We couldn’t have planned for how perfect this truly went. The weather for that whole week in July was bluebird sky, so we went for it. Cheyne Lempe, Drew Smith, Racquel Esqueda and Brian Kimball all met us in the parking lot for Annett’s Mono Village and marina at 10am. We picked up the trail behind the RV campground and hiked along Robinson Creek for about 2.5 miles, a very flat and wooded trail. We passed a grove of aspens and shortly after found the start to the climber’s trail, which would take us south into Little Slide Canyon. This is when the 3,000’ of elevation gain began – switchbacks and bushwhacking. Cheyne’s role was to document the ordeal and the ceremony. Drew was our officiate and Cheyne’s climbing partner. Racquel and Brian were close friends helping us carry in all our food.
by Sara Aranda, banner photo by Cheyne Lempe
Cheyne had amazing vision for the film. We had expressed the general flow of what we’d want and he took care of the rest. He’d see something or would strike inspiration and tell us to stand there and walk here, or tell me about this and that while I capture this amazing lighting right now, etc. This of course wasn’t his first wedding film, but he had definitely never done anything quite like this.
I hired him because I knew he had the talent to create what I was dreaming of, but he was also just a really nice guy I had met through mutual friends. We spent the first day hiking in and setting up camp, the whole time Cheyne was coming up with ways to capture our story. We stood on top of a small outcropping of rock, the evening waning behind us, holding hands or strolling about to Cheyne’s direction. We laughed at ourselves and sometimes felt shy, but the energy of the whole place was sublime. The Incredible Hulk had a mesmerizing presence, the granite so clean and geometric.
I couldn’t believe that we were finally there, after half of a year of planning and preparation. But the reality of those six months was this: you can’t really plan, nor did I want to plan everything to the T. I was half treating it like a normal weekend climbing trip, and half accepting that it would be what it would turn out to be. I knew that the ceremony would happen no matter what, but the goal was to have it at the top. With work and a few injuries, I was a little nervous about how well I had prepared my body, but that was the perfectionist in me trying to dictate my future. I knew I was very capable of climbing the Red Dihedral, a 12-pitch route at 5.10b. So I let the raw, wind-filled air and the beauty of the alpenglow fill my heart with what we had come to feel: love.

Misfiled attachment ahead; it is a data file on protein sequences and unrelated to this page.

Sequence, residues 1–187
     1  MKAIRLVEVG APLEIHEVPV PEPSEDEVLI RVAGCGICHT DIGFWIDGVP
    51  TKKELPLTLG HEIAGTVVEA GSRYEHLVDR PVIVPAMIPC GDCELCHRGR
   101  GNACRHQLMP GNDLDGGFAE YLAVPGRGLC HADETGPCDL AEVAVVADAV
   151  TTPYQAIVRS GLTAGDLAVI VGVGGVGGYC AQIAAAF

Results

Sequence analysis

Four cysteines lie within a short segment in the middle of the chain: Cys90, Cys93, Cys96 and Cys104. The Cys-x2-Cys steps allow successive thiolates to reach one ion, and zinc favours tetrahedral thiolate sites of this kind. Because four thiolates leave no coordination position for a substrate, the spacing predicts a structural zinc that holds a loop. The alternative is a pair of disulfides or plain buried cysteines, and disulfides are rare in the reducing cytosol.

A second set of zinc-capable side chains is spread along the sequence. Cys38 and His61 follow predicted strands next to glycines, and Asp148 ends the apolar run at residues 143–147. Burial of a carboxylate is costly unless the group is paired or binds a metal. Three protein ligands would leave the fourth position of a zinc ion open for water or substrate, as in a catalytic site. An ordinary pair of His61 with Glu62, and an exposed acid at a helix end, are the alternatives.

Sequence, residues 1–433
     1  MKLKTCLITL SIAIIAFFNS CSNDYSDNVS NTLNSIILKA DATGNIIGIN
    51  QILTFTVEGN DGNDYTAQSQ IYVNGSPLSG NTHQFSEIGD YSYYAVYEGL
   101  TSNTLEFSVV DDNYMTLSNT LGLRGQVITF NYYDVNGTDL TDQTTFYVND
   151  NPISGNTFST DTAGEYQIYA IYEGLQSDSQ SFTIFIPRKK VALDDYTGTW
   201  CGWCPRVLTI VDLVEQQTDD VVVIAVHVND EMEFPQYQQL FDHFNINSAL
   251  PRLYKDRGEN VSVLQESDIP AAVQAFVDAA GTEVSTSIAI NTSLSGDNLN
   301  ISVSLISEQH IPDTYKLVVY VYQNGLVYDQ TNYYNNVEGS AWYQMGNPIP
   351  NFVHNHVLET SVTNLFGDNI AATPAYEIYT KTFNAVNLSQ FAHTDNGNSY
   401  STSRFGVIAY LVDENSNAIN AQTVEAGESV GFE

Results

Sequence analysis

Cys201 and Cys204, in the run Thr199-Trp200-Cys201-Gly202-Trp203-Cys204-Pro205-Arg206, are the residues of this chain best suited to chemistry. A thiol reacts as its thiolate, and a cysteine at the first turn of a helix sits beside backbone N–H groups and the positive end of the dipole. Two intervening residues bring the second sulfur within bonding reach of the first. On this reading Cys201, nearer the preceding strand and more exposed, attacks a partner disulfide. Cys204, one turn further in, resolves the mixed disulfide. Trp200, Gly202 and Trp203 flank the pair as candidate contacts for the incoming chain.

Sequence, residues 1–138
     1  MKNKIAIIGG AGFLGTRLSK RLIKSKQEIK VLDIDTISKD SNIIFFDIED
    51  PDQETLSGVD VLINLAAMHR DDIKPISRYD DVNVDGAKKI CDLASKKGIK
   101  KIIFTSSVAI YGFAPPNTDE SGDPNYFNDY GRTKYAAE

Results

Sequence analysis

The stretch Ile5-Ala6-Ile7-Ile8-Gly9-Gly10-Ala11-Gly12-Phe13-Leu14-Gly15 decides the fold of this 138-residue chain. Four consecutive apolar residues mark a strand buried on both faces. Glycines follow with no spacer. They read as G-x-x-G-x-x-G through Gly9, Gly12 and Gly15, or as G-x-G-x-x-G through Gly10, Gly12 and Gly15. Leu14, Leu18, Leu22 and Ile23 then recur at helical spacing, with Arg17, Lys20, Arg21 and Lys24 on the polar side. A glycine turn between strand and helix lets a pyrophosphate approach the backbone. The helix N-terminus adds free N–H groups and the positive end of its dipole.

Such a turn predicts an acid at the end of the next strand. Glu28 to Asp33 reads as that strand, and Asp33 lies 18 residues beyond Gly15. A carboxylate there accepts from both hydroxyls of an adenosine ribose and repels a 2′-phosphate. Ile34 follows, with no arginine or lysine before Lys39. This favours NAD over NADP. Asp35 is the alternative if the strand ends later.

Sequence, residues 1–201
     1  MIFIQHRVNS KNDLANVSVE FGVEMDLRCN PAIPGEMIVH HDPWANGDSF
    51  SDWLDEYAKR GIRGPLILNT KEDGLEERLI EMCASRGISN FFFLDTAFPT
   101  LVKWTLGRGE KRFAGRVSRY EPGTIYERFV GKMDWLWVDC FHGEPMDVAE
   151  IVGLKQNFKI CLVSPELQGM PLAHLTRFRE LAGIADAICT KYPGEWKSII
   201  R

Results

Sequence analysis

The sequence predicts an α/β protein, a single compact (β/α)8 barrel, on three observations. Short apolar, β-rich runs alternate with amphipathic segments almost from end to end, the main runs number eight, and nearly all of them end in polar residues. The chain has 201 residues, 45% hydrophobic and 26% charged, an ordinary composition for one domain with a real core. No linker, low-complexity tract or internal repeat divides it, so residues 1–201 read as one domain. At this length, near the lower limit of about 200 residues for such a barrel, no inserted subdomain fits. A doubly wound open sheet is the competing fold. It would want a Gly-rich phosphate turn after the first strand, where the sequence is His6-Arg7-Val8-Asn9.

The next morning, it was time. But time had no meaning. We were without need, only want: to be there, and forever change ourselves. Drew and Cheyne started up before us, Drew was the rope-gun so Cheyne could film when he needed. Patrick and I free soloed up easy terrain to the start of a 5.8 roof. I tied in, breathing as deeply as I could. I would start us off. No pressure.
But the climb went beautifully. The sun slowly made its away over us, and pitch after linked pitch we performed not only an adventurous dance, but a display of our bond as a couple. The symbolism of adaptation, of union, we felt went hand in hand to the art and experience of trad climbing. And to make things even more interesting, we were doing the route for the first time.
We reached a false summit after 8 pitches and 7 hours, and decided to perform the ceremony there, in a shallow wind block, as we weren’t sure how the wind would be above. We discussed where and how, and I changed into a knee-length dress. Cheyne stood holding the camera out in front of him and Drew began. We all read from a short script I had composed, and when it was over, Cheyne laughed and excitedly exclaimed how he had never been so still in his life. The aura was surreal, frankly. We were at 11,100’ and it felt like the top of the world. If the stars were out, we could have plucked them like ripe mangoes, their fiery skins at first bitter, then sweet.
We did it. We were married. We climbed our 9th and final pitch to the top, then descended into the sunset, amidst our euphoria, lost to the echoes of tumbling scree.
About us: The Climbing Zine was started in 2010 by Al Smith III and Luke Mehall. It continues to the day with the mission of representing the true essence of climbing. Our crown jewel is our printed version, but we also do the interweb thing, and Kindle.